Good Movement Actions Improved Air Quality and Health Outcomes among California Medicaid Enrollees
Ying-Ying Meng1, Dahai Yue1, Jason G. Su2, Michael Jerrett1, Xiao Chen1, John Molitor3
1University of California at Los Angeles, Los Angeles, CA, USA; 2University of California at Berkeley, Berkeley, CA, USA; 3Oregon State University, Corvallis, OR, USA
Background: This project aims to examine the impact of the “Emissions Reduction Plan for Ports and Goods Movement” of the California Air Resources Board (CARB) in 2006 on reductions in ambient air pollution and subsequent improvements in health outcomes among Medicaid fee-for-service (FFS) beneficiaries in 10 counties in California. Specifically, we examined whether air pollution reduction actions resulted in decreases in emergency department (ED) visits and hospitalizations among enrollees with chronic conditions.
Methods: The study areas were grouped into goods movement corridors (GMCs) as locations within 500 m of truck-permitted freeways and ports; non-goods movement corridors (NGMCs) as locations within 500 m of truck-prohibited freeways or 300 m of a connecting roadway, and controls (CTRLs). We created annual air pollution surfaces for NO2, PM2.5 and ozone across California at a spatial resolution of 30 m, then assigned them to enrollees’ home addresses. We used a retrospective cohort of 23,000 adults with six years of data (September 1, 2004 to August 31, 2010). We analyzed data using a multilevel generalized linear model with negative binomial distribution and random intercepts for enrollees. We estimated the predicted outcomes for enrollees in GMC with and without policy by using the control group as the counterfactual. To facilitate interpretation, we calculated difference-in-differences (DD) estimates in the first-, second- and third-year after the policy intervention, respectively. To verify the parallel assumption, we also visualized the empirical time trend and tested the differential trends statistically.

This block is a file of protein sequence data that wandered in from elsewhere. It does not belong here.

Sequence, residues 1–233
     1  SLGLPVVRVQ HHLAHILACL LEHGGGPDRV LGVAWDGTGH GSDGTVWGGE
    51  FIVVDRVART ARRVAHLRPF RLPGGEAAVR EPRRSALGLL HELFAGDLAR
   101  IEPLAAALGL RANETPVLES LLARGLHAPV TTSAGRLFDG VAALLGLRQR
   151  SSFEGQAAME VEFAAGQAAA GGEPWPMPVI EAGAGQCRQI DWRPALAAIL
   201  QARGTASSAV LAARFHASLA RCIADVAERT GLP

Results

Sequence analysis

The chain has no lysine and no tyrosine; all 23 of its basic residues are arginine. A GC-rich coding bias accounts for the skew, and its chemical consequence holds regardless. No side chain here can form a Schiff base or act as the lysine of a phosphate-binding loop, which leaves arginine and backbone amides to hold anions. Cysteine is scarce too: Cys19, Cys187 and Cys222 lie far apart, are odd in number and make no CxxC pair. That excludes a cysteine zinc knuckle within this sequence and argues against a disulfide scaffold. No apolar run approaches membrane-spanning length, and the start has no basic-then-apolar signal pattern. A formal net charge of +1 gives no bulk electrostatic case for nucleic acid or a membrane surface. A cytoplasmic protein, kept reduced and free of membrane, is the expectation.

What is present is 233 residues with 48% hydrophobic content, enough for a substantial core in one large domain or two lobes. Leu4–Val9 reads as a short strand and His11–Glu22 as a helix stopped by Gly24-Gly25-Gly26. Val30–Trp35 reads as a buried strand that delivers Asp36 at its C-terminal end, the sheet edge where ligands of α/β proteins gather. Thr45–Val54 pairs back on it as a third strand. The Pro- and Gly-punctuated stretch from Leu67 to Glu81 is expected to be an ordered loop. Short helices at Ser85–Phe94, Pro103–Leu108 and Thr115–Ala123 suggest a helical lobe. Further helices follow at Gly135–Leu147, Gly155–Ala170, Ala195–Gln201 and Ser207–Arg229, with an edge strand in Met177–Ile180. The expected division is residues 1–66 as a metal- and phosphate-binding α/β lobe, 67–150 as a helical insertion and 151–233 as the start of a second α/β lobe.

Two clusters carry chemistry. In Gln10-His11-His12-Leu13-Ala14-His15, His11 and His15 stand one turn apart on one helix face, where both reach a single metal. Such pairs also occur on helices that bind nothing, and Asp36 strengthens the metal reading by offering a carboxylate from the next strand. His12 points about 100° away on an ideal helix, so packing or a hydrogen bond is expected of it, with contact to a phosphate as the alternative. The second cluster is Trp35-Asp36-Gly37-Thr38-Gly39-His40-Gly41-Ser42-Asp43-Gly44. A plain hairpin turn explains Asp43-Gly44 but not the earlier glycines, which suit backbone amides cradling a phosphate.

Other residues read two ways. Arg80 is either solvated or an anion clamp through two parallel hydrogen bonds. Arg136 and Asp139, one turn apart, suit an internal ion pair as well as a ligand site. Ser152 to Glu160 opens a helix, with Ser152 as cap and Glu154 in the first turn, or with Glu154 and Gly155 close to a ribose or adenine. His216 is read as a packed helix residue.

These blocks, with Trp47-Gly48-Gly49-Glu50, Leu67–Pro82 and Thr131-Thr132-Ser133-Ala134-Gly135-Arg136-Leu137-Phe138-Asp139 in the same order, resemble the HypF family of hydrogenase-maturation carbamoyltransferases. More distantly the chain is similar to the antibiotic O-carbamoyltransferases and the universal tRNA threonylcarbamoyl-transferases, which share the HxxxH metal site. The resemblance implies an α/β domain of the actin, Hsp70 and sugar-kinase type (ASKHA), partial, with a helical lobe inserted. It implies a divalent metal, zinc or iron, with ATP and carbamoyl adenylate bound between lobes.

Results: We observed significant reductions in pollutant exposures for enrollees in 10 counties with the enrollees in GMCs experiencing the greatest reduction from the pre- to post-policy periods. Furthermore, we observed statistically significant reductions in ED visits in the study population in post-policy years. For instance, the number of ED visits among those with asthma living in GMCs significantly decreased comparing with those living in CTRLs in the second year (DD=-0.08, p<0.01) and third year (DD=-0.08, p<0.01) post-policy. ED visits for those with chronic obstructive pulmonary disease (COPD) were reduced in post-policy years but the policy effects were only found to be statistically significant in the third post-policy year (DD=-0.09, p<0.005).
Conclusions: Our findings add to empirical evidence that air pollution control actions reduce pollution exposures; and lead to health outcome improvements among people with chronic conditions. Our investigation also contributes to scientific methods for accountability studies assessing the health effects of long-term, large scale, and complex regulatory actions with routinely collected data, such as medical claims data.
Poster by Meng et al., 2019 HEI Annual Conference